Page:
11

I have arrived at Chicago O'Hare (ORD) on international flights before. After landing at ORD, passengers deplane and enter a international arrivals terminal. There are no amenities in this terminal other than bathrooms/restrooms. Instead you are expected to move through the terminal toward the US Custom and Border Protection (CBP) checkpoint. You will need ...


10

Assuming you are on a single itinerary (given that you have mentioned codeshare flights), your luggage will be tagged to your final destination, Cincinnati. What this means in practice is that you will not need to collect and recheck your luggage in London. However, you will need to collect it and recheck in Chicago. When you first arrive in the US, you ...


10

Your thought seems to be that your group will wait at one of the numerous restaurants, cafes or seating areas universally found in airports, then your entire group goes through Customs together. First, it's a lot faster to get your 9 stragglers through Immigration and Customs than your whole brood. Any one of them can have a "problem" with a multi-hour ...


9

If your port of entry is ORD then that is where you will go through clearing customs irrespective of you having a connecting flight or not. Once you collect your bags and clear your customs check you are free to go wherever you want to go.


8

You normally should be able to make your connection in Chicago with about an hour, so with 1:50, you have plenty. However, there is always a chance that your flight is late, or the lines are longer than usual, or something else happening, so you cannot avoid a small chance of not making the connection. Typically, the airline will rebook you on a later ...


8

Normally for a flight into the US - even a connecting flight - you would need to collect your bags at the first point of entry into the US (ie, Chicago), clear immigration/customs, re-check your bags, go through security, and then to your gate. However there are a few exceptions to this, and yours is one. Passengers coming from most airports in Canada (...


7

I use those Admirals' Clubs regularly. They are OK. The food and drinks options are poor, but the showers are pretty nice. There are also some comfortable chairs which recline, which might be good for sleeping, although they can go quickly. The quiet rooms generally are quiet, but they don't contain the reclining chairs (from memory). It costs $50 for a day ...


7

It's hard to find good info on spots in the airport, but Foursquare does mention: New privacy station with nice seats and power (free) near Johnny Rockets between T1 & T2 if you're looking for a place to nap and recharge (pun intended), this may be it. Apparently, several of the departure gates also include arm-less benches (airport sleepers' ...


7

I've not slept in this airport, so I can't give you personal information. Nevertheless there is a site called "Sleep in Airports" that gives general information about sleeping in almost any airport. About Chicago O'Hare, this page says that you can sleep in a lounge for US$40-50, there are 3 hotels and if you are looking for a free nap you have some reviews ...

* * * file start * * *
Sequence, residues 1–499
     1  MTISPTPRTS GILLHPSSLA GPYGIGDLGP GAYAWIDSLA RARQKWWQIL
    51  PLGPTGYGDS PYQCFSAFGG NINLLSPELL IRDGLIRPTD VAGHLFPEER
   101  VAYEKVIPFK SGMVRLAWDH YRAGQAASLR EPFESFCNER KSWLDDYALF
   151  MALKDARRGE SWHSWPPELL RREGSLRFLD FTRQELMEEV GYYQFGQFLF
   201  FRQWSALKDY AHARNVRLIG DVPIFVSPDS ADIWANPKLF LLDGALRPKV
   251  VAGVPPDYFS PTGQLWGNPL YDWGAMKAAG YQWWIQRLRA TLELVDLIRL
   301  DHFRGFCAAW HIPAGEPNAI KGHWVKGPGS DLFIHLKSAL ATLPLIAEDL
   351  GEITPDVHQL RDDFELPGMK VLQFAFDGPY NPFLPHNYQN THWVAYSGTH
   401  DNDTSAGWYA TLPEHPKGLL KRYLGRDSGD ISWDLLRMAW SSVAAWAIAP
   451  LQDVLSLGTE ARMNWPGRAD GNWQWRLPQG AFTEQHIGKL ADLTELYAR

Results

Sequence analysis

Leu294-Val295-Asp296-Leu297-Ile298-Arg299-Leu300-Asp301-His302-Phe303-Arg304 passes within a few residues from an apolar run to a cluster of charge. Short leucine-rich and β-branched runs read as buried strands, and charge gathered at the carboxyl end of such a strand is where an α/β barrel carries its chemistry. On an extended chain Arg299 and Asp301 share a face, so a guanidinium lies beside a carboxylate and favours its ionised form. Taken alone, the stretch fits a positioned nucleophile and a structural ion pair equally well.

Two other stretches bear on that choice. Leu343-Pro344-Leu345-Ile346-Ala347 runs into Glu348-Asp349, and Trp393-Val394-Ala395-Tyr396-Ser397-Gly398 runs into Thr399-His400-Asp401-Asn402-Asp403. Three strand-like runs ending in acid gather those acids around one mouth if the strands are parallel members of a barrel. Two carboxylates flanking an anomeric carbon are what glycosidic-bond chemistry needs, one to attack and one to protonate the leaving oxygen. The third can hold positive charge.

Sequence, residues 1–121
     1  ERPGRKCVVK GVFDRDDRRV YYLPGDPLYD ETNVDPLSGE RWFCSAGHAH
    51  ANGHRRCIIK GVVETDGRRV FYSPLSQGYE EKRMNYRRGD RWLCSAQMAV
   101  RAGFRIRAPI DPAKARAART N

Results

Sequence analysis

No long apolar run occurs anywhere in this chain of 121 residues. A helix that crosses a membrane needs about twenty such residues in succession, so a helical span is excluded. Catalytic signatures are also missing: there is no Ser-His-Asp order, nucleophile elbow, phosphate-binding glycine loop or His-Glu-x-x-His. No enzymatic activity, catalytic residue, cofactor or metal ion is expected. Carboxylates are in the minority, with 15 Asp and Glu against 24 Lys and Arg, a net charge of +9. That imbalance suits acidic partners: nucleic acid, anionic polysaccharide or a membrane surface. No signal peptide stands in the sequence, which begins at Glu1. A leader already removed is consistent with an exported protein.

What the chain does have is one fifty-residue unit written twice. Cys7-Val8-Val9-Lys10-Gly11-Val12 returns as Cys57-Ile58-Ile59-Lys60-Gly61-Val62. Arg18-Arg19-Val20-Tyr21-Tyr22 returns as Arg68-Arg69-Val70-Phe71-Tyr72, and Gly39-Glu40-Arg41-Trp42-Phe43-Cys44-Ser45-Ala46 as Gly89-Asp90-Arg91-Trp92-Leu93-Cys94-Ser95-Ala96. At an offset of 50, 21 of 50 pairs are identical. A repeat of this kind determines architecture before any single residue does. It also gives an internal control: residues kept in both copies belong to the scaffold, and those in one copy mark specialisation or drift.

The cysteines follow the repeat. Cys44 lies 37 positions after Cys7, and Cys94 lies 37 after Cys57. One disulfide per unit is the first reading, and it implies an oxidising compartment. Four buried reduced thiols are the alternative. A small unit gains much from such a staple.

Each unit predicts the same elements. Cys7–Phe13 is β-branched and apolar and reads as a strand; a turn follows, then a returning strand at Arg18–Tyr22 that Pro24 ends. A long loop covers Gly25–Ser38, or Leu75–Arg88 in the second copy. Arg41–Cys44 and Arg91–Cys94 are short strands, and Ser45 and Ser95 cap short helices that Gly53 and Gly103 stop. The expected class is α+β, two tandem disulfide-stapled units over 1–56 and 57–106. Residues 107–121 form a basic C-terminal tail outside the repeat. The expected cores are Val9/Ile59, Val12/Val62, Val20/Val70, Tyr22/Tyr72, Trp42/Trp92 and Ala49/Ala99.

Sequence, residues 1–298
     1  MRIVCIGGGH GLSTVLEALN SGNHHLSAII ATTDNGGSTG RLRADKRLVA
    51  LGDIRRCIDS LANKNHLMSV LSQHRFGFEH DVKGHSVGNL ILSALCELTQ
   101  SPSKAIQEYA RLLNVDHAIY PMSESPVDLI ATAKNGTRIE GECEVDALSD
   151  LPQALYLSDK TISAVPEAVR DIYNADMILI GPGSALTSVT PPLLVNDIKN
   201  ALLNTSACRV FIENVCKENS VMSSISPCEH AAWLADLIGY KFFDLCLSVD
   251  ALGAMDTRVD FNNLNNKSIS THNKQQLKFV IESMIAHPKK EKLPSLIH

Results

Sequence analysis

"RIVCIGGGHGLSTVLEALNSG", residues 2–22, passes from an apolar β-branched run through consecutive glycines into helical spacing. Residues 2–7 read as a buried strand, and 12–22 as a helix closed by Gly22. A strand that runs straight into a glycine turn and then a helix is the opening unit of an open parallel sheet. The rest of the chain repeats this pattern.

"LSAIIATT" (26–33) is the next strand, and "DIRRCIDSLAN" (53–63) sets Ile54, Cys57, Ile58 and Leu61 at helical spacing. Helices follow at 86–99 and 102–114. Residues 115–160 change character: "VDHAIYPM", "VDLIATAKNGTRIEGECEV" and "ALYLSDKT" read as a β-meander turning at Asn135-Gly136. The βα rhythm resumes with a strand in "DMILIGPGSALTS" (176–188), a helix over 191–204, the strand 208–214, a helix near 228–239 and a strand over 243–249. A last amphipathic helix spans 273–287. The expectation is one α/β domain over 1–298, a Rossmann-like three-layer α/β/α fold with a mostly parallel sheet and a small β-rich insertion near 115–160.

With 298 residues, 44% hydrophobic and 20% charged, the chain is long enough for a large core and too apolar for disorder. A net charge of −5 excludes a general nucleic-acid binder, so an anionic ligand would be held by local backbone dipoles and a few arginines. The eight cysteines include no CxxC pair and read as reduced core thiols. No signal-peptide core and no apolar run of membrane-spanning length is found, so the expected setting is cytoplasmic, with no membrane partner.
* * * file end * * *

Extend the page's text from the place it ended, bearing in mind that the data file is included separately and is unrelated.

7

This news report says that "The routes being cut where Spirit is the only operator are flights from Dallas/Fort Worth and Chicago O’Hare to Oakland." So it appears that Spirit is withdrawing the route.


7

A little research shows that, yes, January is the snowiest month (sort of like asking if one should expect rain in Seattle) with O'Hare Airport having 28.5 snowy days a year. In January, it snows, on average, 8 days during the month, for a total of just under 11 inches/27 centimetres. Most of those days, the snowfall is about 1 inch (2.5 cm), occasionally ...


6

You've got so much time between your flights that you're likely to spend almost the entire time bored out of your mind. Your PIT-ORD segment historically arrives early, even when it leaves late, because it's scheduled as a 2 hour flight but actually takes about 1:15. So, you'll generally arrive in Chicago around (or even well before) 9:00 am for your 1:05 ...


6

Today, for leaving April 29 and returning May 3: The quickest is a CVG-ORD flight, which is $452 round trip. Cheaper is Amtrak, which starts at $98 round trip. In both directions this train runs overnight. Cheaper still is Megabus, which will be $44 round trip if you buy right this minute, and will go up if you wait. (And thanks to Karlson for the ...


6

Your itinerary is: ASQ4301 CAE-ORD ASQ4328 ORD-LNK Looking at these flights on FlightAware, we can see that 4301 often arrives early, though occasionally it's late, and once in the last 10 days it was several hours late. Flight 4328 appears to have departed on time exactly once in the last 10 days. This suggests that your layover at ORD is likely to be ...


6

We can only speculate. Sometimes bags don't get taken where they are supposed to go, because they get forgotten, put in a dusty corner, mixed in with bags of a different priority, or any number of reasons. Sometimes tags get separated from bags, so then airline staff have to identify whose bag it is and try to figure out where it was supposed to go. ...